The first step toward better credit is realizing you need some help. And now that you’ve made that successful first step, where can you go to learn more about credit repair, its costs, its effectiveness, and what role you can play in turning around your credit story?
It turns out there are lots of comprehensive credit repair education resources available, both in the form of print and online books and guides, as well as a wide variety of expert blogs. There are also credit repair classes and credit repair courses that you can take to become more aware of your credit behavior and that can provide a path to a vastly improved credit score.
A Good Read
A quick visit to Amazon.com reveals a bewildering array of credit repair books that promise to make you an overnight, do-it-yourself master of credit repair. Let us suggest a less fly-by-night approach and instead become familiar with recognized financial experts such as Dave Ramsey and the newest edition of his bestselling Total Money Makeover – hands-on, real-world suggestions for investing, financial management, and credit-building behavior.
The same can also be said for Cherie Lowe’s Slaying the Debt Dragon or Regina Leeds’ One Year to an Organized Financial Life: Both speak from experience about digging themselves out of debt and repairing their credit through sound financial practices.
If you’re looking for a helpful online resource, check out Credit Revolution, a free e-book written by three of the biggest figures in the credit repair world, revealing many of the behind-the-scenes secrets of credit repair.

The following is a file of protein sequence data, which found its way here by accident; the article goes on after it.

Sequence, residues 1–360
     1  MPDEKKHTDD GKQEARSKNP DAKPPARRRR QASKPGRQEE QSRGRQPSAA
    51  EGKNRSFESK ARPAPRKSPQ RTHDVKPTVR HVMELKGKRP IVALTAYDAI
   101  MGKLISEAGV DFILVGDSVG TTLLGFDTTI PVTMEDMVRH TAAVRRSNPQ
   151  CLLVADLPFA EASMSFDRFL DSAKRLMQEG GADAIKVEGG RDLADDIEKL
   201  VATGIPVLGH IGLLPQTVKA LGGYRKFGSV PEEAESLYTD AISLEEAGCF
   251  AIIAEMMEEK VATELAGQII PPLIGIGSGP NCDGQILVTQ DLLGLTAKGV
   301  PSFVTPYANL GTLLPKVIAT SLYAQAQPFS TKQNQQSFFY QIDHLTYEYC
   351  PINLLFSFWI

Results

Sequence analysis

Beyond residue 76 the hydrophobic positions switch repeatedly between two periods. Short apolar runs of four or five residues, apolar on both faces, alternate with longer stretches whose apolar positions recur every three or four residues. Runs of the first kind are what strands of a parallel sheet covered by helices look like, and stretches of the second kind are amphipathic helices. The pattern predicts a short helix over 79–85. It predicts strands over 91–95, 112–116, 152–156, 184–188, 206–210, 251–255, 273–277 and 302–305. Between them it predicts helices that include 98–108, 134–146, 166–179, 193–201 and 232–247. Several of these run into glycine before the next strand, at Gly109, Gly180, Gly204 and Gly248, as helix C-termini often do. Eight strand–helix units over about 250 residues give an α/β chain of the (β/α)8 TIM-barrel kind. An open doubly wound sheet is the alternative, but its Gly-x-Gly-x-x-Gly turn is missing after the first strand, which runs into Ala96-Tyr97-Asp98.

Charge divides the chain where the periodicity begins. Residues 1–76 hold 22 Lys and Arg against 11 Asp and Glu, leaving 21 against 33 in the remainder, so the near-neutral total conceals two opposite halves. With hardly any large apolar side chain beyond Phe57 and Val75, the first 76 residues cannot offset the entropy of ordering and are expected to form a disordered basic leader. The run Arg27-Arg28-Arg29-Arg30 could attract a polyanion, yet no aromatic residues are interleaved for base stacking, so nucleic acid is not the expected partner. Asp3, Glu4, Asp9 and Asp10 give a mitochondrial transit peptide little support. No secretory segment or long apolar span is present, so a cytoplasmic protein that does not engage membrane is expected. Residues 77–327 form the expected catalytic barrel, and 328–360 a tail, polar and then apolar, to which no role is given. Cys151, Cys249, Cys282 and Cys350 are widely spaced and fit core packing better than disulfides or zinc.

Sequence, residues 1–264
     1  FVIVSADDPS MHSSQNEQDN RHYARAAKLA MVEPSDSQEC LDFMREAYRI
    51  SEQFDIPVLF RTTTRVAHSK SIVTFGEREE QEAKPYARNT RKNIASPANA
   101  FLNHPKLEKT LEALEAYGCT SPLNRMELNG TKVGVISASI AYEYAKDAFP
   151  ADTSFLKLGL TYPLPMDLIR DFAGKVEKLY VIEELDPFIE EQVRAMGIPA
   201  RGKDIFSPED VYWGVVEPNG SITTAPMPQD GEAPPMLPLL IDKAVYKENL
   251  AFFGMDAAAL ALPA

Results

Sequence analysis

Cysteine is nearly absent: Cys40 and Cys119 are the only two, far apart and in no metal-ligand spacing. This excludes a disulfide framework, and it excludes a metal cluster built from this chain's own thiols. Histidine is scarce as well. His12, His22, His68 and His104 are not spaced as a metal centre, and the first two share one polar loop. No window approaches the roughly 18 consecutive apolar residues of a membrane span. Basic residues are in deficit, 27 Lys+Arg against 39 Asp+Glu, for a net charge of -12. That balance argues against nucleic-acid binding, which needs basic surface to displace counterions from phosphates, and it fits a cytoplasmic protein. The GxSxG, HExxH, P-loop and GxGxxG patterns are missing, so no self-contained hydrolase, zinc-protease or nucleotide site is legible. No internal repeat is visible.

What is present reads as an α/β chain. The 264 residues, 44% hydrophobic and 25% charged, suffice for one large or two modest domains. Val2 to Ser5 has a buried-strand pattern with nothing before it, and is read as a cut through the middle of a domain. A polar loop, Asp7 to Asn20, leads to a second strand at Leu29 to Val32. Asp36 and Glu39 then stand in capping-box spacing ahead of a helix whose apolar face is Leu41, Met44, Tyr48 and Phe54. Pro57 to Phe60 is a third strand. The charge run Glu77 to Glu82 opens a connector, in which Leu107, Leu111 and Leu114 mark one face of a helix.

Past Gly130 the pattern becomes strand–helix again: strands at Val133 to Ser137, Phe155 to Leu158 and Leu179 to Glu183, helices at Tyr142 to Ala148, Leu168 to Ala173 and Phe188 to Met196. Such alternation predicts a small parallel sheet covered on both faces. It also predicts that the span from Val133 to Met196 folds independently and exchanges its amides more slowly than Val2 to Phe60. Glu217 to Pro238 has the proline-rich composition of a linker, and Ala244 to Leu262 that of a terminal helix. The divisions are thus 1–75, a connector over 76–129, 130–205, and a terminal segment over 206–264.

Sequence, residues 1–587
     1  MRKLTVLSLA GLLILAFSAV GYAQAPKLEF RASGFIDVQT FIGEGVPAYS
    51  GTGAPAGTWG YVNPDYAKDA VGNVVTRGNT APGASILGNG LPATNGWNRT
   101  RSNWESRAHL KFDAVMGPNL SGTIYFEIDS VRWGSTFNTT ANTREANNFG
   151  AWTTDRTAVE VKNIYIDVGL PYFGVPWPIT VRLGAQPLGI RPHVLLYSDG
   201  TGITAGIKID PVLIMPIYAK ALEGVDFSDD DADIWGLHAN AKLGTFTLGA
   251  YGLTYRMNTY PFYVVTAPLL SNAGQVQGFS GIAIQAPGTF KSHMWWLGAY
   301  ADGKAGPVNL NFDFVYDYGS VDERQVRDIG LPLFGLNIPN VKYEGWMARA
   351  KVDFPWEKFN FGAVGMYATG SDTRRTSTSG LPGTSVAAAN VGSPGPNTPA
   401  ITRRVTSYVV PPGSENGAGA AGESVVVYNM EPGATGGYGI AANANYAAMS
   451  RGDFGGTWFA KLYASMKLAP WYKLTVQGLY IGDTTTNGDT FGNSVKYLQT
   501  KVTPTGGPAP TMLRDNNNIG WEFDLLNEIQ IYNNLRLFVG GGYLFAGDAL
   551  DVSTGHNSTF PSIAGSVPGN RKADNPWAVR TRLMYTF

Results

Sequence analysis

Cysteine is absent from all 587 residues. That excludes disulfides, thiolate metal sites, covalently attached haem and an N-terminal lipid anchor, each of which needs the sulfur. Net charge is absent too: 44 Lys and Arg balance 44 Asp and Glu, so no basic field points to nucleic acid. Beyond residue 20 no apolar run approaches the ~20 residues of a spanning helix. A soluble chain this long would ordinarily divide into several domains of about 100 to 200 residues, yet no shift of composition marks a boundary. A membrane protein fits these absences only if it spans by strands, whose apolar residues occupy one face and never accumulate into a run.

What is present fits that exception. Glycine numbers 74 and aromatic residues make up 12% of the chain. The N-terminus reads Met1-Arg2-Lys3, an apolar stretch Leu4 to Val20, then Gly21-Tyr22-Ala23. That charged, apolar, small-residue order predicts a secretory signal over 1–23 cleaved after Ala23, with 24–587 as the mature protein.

An Abundance of Online Sources
The web is full of blogs, podcasts and sites providing credit repair resources, but again, it takes a careful eye to spot those that are often product placement, versus those with a holistic view of real credit repair.
For wide but knowledgeable advice on the best steps to credit repair, consider the online suggestions of figures such as Clark Howard, Paula Pant’s Afford Anything podcast, or Money Girl with Laura Adams, all of which can provide helpful strategies for credit improvement.
Another useful source is the Credit Insider Guide, a written-by-lawyers collection of online material about the realities of credit repair, and how a professional firm might be a best step in turning your credit issues around.
And for the millions of Americans who are burdened with student loan debt, turn to The Student’s Guide to Credit, an online guide which can help you understand the long-term importance of keeping on top of your loan obligations.
Sign Up for Credit Repair Classes
Finally, consider signing up for a credit repair class, especially one offered through a local community college or community center. The web is full of offers for credit repair courses, but working with a local professional is a much safer bet, as they’ll be able to provide direct and unbiased information, rather than a product pitch. The lessons you learn will go a long way in helping to build a better financial future.
Looking for other credit repair resources? We offer a wide range of tools and professional services that can help boost your credit score.